The Powerful Allure of the Deep Azure – Facts So Romantic

There was a place in Iowa in 1995, tucked away in the dark-green fields of soybeans and corn, where a flooded rock quarry shimmered aquamarine. I stood on its edge one hot summer day with two friends. Like most teenagers, we were drawn to the rebelliousness of it. To get there, we had to trespass on private land and ignore the “swimming forbidden by law” signs. But really, we wanted to experience something that we had only seen on postcards. “It was a beautiful oasis,” remembers one friend. “Like lagoons in Hawaii,” recalls another.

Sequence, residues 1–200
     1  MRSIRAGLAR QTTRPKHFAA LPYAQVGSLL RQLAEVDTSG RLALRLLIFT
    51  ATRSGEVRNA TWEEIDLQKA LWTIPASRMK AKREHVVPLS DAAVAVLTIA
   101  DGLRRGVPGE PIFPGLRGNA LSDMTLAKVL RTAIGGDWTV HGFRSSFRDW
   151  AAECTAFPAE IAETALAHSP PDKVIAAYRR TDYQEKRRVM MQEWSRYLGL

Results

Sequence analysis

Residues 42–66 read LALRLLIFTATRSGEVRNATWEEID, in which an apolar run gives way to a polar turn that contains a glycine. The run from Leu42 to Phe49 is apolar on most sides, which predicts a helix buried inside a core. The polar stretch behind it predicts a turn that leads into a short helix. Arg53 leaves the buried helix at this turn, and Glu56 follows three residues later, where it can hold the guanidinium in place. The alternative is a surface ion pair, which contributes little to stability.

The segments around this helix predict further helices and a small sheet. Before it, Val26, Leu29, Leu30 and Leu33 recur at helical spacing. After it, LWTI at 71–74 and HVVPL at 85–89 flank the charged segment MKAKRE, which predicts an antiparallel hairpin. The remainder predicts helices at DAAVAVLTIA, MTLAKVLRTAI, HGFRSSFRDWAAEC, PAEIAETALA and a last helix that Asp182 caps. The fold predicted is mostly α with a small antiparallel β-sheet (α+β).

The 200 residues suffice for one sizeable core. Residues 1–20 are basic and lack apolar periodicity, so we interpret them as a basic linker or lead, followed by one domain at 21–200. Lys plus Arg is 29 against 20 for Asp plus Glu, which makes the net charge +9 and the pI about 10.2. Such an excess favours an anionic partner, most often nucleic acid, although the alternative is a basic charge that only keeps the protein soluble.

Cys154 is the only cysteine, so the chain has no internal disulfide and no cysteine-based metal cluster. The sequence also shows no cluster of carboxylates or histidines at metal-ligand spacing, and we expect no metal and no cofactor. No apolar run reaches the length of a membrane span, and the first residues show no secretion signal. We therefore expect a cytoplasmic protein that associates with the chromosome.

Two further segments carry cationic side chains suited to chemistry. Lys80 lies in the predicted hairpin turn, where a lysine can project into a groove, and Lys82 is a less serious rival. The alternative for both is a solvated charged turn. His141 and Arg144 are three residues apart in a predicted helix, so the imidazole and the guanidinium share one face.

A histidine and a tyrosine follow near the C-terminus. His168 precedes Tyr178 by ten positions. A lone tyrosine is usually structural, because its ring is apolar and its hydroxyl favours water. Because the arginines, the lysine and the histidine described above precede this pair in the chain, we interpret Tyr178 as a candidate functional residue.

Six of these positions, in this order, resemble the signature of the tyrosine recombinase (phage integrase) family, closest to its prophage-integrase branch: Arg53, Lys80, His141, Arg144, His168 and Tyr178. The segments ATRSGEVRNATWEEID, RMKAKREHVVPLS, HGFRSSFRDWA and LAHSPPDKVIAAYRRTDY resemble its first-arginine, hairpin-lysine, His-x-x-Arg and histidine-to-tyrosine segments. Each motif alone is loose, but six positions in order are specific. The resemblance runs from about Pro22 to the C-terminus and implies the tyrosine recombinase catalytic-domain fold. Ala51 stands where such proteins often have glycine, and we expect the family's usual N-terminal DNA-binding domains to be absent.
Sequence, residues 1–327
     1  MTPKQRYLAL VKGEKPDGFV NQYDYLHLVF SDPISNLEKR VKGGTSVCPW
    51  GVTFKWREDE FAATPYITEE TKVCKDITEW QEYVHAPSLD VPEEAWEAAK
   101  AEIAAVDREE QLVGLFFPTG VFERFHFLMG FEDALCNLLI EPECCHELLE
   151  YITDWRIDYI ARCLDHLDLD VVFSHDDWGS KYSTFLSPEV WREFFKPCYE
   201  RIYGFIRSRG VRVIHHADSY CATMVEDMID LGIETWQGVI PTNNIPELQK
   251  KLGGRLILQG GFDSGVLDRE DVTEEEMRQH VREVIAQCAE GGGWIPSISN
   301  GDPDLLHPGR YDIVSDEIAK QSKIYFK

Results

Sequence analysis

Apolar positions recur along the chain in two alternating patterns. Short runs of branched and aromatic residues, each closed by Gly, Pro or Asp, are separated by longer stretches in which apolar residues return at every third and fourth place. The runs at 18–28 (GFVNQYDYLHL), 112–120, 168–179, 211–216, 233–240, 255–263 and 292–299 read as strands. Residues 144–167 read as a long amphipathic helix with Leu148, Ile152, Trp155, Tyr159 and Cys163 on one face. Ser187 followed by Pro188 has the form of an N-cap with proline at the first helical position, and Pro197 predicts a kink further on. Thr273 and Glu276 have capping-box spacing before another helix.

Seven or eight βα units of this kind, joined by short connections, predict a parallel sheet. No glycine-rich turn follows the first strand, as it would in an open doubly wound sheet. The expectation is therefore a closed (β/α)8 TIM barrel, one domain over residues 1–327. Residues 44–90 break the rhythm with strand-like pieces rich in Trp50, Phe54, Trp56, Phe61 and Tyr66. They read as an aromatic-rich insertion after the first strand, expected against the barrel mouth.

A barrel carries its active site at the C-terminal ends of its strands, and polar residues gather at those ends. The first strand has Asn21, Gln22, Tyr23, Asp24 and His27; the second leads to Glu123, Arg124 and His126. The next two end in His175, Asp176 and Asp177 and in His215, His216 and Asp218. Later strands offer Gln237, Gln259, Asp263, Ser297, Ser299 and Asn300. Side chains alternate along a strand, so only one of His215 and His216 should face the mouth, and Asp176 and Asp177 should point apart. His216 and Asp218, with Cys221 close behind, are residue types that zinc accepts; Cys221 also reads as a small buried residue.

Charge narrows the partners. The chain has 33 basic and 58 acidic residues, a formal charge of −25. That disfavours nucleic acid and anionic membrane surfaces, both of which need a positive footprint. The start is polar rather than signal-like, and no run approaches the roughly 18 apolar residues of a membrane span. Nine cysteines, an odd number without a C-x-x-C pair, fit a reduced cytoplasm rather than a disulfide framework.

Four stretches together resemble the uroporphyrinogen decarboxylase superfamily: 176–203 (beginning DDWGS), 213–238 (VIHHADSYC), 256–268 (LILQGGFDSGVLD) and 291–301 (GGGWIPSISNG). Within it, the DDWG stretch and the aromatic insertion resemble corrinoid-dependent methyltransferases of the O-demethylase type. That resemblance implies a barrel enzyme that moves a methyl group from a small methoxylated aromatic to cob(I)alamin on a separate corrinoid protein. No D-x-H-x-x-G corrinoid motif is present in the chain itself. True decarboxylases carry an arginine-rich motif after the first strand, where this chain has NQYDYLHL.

Composite photograph of a quarryElena Dorfman

We removed our shoes and chose a low point of entry. Our bare feet crumbled the soft limestone composed of brachiopods, crinoids, and trilobites, ancient creatures that once lived in the shallow seas covering Iowa millions of years ago. (The geological twist being that the state is now landlocked, and these remnants of its prehistoric sea life pave the local secondary roads.) We jumped in.

We weren’t the only ones drawn to forbidden blue water. Open-pit quarries exist in many rural regions of the world, and they often entice swimmers who don’t have easy access to the sea. But quarries are <a…

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